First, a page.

Jump to content
UNRV Ancient Roman Empire Forums
  • Time Travel Rome

Sign in to follow this  
lothia

A city's Pomerium

Recommended Posts

Ave Civitas,

I understand that some cities had a Pomerium and it extended beyond the original city walls.
I believe that Rome was not the only city with a pomerium.

I am imagining the ciy limits and the pomerium limits to be similar to the German Stadtkreis and Landkreis.
My question is:

If some cities had the pomerium, was there a restriction on which cities had them?
How far beyond the city  proper would the pomeriuim extend?
I assume that there were unincorporated lands between one city's pomerium and another city's pomerium?

Then I know there were imperial lands controlled by bureaus in the capitols.  but what about the unincorporated lands that did not fall under the city or the emperor.  They must have fallen under someone's jurisdiction.  Would that be the provincial governor's authority that encompassed the unincorporated lands or were there smaller governmental offices within the province?


Thank you all in advance
Tom

Share this post


Link to post
Share on other sites

The Pomerium was a religious area traditionally said to be contained within the original boundaries made by Romulus at the founding of the city. There was no wall, just markers to show where it extended. I'm not aware of any Pomerium attached to other cities because although the Romans rewarded emulation of Roman society, there was only one Romulus. There were laws governing the Pomerium but I don't know of anyone who directly controlled it (Surely this would be against tradition in Republican Rome?), For instance, holders of imperium (basically a license to control and lead armies) did not have full power within the Pomerium, nor were weapons allowed within it. Soldiers would not appear in military guise within the boundaries for fear of losing their status as legionaries because they transgressed the law.

Share this post


Link to post
Share on other sites

Thank you for your reply.

Perhaps pomerium was not the right word and it belongs only to the city of Rome.  But it seems reasonable that the others cities would have (or want to have) some administrative or pecuniary control or influence on the areas surrounding a city.

Again, thanks for your response.

Share this post


Link to post
Share on other sites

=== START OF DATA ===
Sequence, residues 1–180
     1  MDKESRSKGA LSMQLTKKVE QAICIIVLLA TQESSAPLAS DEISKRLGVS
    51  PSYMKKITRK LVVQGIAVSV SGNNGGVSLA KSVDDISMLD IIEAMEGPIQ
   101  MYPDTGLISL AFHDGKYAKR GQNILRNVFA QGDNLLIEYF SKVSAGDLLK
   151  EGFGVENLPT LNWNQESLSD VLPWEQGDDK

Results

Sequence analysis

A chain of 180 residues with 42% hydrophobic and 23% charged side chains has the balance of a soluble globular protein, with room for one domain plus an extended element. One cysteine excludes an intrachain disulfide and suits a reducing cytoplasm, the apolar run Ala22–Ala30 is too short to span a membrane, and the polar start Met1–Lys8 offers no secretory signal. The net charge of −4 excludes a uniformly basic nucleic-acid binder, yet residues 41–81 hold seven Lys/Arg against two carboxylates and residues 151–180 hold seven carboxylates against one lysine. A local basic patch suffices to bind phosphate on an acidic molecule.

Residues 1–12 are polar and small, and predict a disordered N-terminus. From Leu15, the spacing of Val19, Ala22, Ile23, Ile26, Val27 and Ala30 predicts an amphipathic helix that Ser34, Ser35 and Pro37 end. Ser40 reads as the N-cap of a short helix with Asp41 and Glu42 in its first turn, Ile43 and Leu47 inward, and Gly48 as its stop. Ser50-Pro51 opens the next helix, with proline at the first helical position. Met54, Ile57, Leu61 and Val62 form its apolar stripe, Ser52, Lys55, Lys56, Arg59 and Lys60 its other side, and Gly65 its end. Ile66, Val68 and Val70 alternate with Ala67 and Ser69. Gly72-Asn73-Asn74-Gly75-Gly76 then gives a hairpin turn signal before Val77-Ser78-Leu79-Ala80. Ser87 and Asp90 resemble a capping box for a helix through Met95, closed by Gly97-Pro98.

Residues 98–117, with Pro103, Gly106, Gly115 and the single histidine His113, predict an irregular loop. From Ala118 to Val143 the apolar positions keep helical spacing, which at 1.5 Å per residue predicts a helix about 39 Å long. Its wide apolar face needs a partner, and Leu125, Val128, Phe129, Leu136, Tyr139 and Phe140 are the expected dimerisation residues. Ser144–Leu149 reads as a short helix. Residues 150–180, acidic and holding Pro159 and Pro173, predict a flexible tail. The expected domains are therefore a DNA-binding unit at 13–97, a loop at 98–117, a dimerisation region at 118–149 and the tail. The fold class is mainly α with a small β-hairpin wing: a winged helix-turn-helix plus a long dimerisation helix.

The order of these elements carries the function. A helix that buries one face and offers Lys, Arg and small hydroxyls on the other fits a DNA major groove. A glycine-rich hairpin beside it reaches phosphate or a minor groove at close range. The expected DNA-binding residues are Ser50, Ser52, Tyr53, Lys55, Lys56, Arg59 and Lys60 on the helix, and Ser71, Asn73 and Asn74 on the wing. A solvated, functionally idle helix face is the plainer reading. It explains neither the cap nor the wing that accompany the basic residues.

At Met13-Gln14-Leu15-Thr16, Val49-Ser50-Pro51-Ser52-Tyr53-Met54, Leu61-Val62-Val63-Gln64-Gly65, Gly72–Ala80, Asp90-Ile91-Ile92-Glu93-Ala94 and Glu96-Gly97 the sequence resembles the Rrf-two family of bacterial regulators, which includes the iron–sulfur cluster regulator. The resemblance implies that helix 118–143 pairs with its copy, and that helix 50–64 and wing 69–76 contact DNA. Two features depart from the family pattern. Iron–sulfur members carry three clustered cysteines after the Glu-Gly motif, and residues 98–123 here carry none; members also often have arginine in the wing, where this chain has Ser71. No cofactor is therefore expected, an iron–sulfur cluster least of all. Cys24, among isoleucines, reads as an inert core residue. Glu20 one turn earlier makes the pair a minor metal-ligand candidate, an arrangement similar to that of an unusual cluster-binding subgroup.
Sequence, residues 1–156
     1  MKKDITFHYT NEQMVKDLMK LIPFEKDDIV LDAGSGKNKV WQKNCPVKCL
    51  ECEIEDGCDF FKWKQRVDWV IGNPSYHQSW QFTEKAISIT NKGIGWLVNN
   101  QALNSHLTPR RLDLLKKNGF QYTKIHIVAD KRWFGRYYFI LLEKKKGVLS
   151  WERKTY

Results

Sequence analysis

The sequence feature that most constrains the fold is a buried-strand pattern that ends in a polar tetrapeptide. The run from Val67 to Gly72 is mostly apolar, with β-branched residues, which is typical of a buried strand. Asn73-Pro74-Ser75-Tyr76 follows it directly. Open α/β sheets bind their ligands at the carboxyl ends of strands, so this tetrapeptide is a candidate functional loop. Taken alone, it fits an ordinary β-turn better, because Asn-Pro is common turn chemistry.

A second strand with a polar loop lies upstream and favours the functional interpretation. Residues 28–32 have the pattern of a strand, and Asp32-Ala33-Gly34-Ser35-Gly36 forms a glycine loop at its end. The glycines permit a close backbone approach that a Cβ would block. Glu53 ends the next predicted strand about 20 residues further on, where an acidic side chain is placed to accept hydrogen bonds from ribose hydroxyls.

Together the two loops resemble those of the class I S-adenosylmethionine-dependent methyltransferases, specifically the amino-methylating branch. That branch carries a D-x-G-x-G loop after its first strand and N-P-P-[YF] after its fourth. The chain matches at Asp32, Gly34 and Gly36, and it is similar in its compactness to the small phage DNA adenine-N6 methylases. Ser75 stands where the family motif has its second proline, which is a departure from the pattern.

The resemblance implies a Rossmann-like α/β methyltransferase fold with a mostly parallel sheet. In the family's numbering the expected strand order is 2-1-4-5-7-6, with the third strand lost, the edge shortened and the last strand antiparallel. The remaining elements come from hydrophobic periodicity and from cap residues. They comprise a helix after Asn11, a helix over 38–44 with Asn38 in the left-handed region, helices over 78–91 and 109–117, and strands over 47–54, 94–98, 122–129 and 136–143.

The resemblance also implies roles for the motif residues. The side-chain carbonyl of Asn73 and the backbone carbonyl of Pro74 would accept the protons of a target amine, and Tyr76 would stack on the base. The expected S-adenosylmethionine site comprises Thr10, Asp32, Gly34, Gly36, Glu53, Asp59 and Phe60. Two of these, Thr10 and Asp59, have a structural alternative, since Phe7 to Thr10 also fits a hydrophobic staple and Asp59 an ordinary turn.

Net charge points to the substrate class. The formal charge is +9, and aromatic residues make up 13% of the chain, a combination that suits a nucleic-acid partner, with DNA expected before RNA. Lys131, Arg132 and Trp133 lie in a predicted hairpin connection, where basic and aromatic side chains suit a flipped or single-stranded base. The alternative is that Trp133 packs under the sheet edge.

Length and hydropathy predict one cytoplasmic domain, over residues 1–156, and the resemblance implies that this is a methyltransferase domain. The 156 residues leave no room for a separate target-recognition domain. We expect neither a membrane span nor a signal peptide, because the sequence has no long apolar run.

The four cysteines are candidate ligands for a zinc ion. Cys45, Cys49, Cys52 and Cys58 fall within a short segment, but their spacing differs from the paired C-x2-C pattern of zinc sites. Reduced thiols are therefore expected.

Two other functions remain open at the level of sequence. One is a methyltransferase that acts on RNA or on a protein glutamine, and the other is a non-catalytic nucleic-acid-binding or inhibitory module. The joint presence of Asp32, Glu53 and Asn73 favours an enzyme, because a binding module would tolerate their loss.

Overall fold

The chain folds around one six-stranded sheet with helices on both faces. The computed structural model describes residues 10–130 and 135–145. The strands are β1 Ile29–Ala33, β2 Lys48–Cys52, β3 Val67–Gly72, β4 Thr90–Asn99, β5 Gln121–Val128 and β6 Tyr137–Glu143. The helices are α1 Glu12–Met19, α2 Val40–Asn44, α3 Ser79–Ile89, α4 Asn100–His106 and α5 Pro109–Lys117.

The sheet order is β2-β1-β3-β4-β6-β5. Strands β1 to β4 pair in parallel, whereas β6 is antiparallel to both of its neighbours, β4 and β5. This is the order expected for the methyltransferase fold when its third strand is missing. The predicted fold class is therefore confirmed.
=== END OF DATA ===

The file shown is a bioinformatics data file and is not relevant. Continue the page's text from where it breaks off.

Settlements in the Roman Empire were rewarded for emulation of Rome, by tax breaks, concessions, or whatever. Sometimes a settlement would be awarded a higher status. At a certain level, a settlement could create its own Senate, but this was rarely achieved outside of Italy (whose partially independent tribal regions all had traditional rights to self rule, despite subsequent incorporation by the Empire)

Share this post


Link to post
Share on other sites
On 6/29/2019 at 5:16 AM, caldrail said:

Settlements in the Roman Empire were rewarded for emulation of Rome, by tax breaks, concessions, or whatever. Sometimes a settlement would be awarded a higher status. At a certain level, a settlement could create its own Senate, but this was rarely achieved outside of Italy (whose partially independent tribal regions all had traditional rights to self rule, despite subsequent incorporation by the Empire)

When you  write senate, you are not referring to the duoviri, right?  Every city had their own government, or do I misunderstand?

Share this post


Link to post
Share on other sites

A settlement that reached a certain status (I'm not sure which, but I'm assuming it was civitas) was allowed a local senate to conduct admin/government - remember that the empire was not centrally governed nor was it territorial in nature, but focused on settlements.. Although Rome had the final word as it were, provinces were governed internally on local/regional matters. Governors were not ruling the province per se, but represented the final word in both Roman and native law, and generally did little governing other than to exploit the region for personal profit - note the Roman policy of assimilating local rulers to plug into the Roman network to exploit the existing chains of loyalty.

Edited by caldrail

Share this post


Link to post
Share on other sites

Create an account or sign in to comment

You need to be a member in order to leave a comment

Create an account

Sign up for a new account in our community. It's easy!

Register a new account

Sign in

Already have an account? Sign in here.

Sign In Now
Sign in to follow this  

  • Map of the Roman Empire

×